It is hard to convey in words what it was like to visit this site. As I wrote after in my journal: “It felt rather surrealistic on this beautiful sunny day with our large group of well-fed white Americans to even begin to try to imagine the horrors and immense suffering that went on here from the late 1400s in nearby Elmina Castle until the slave trade was abolished in the early 1800s. Going into the dungeons in their dark, fetid light and air and trying to imagine these conditions for the 150 slaves per room – day after day, year after year. One of the guidebooks discussed how many layers of compacted feces, vomit and blood were excavated from the dungeon floors when the castle was restored for public visitation. These were the “beds” for tens of thousands of slaves – human beings.”
Pres. Obama together with Michelle and their 2 daughters visited Cape Coast Castle in July, 2009 – Ghana was the first country in Africa he visited – and left behind a plaque commemorating the occasion. A billboard with their faces still greets visitors entering the town, and everywhere Ghanaians express pride at the Obamas’ visit. A parallel plaque is dedicated “In Everlasting Memory of the Anguish of Our Ancestors.”
|Map of the TransAtlantic Slave Trade|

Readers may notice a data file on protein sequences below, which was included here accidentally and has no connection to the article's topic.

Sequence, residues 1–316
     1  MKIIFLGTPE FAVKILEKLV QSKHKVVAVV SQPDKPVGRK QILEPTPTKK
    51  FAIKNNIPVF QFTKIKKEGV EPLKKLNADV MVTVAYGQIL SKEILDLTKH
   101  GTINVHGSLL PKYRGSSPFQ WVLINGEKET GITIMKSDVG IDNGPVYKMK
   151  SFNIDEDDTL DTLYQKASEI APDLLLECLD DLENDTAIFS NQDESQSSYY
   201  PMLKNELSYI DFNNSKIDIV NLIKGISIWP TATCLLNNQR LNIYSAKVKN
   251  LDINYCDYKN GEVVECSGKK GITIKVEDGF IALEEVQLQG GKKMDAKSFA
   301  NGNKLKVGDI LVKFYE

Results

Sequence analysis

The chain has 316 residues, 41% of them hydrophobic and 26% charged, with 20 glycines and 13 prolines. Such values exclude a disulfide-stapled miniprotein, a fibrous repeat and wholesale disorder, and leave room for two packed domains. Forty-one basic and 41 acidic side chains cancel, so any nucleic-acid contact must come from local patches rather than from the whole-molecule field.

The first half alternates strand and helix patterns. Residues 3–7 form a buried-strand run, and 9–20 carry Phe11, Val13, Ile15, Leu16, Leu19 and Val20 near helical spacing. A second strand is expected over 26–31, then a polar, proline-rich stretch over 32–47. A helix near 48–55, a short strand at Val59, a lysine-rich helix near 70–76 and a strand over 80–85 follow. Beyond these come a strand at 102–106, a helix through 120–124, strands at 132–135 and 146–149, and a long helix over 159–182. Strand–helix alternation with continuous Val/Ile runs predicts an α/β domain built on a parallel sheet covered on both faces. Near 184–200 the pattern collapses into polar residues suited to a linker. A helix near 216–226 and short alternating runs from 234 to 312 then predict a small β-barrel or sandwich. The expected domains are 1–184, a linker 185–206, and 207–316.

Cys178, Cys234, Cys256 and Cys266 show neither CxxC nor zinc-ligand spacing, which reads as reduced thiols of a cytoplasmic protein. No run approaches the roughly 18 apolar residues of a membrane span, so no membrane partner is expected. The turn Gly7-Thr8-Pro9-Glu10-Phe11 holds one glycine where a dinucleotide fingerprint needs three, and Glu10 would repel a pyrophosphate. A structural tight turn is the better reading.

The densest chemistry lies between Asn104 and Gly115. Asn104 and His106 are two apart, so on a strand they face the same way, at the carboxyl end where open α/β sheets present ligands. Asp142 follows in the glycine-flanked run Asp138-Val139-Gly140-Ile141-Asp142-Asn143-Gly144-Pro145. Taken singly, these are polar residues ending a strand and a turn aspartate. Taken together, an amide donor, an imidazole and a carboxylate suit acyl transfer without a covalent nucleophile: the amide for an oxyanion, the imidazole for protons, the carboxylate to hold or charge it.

|Elmina Slave Castle|
Surrounded by a moat for protection from attacks, the first thing that greets visitors to the inner courtyard is the former Portuguese Church – which became the slave examination and purchasing hall once the Dutch took over the castle from the Portuguese in 1637.
|Portuguese Chapel, Elmina Castle|
|Cannons on Elmina Castle overlooking Elmina Market|
The same features we saw at Cape Coast Castle make up Elmina: dark and fetid dungeons for the male and female slaves, officers quarters in the upper floors, a long, narrow hallway with tiny doors that led to the “Door of No Return” where the slaves were counted one last time as they were placed into boat for transit to the slave ships waiting offshore. Here, too, was a specially designed cell for rebellious slaves; complete with skull and crossbones, slaves who rebelled were locked into it and given no food or water until they died, a lesson for other captives of what awaited them should they protest their conditions.
|Main Courtyard, Elmina Slave Castle|
|Fishing boats at Elmina|
|Fishing Boats in Elmina town|
An even more vibrant and bustling fishing village surrounds the Elmina Castle; some sense of relief from the history contained in its walls and signs that Ghanaians, while remembering the legacy of slavery and its lasting effects in West Africa, nonetheless have moved on.
|Fisherman, Cape Coast, Ghana|
Several Ghanaians spoke to us with pride about all that Ghana has accomplished and is doing since achieving independence in 1957, and how this is what they want to be known for.
And it is impressive and encouraging. Yet for those of us who grew up on in the lands of the receiving end of the Middle Passage, pondering this part of our connections to Ghana and West Africa continues to haunt.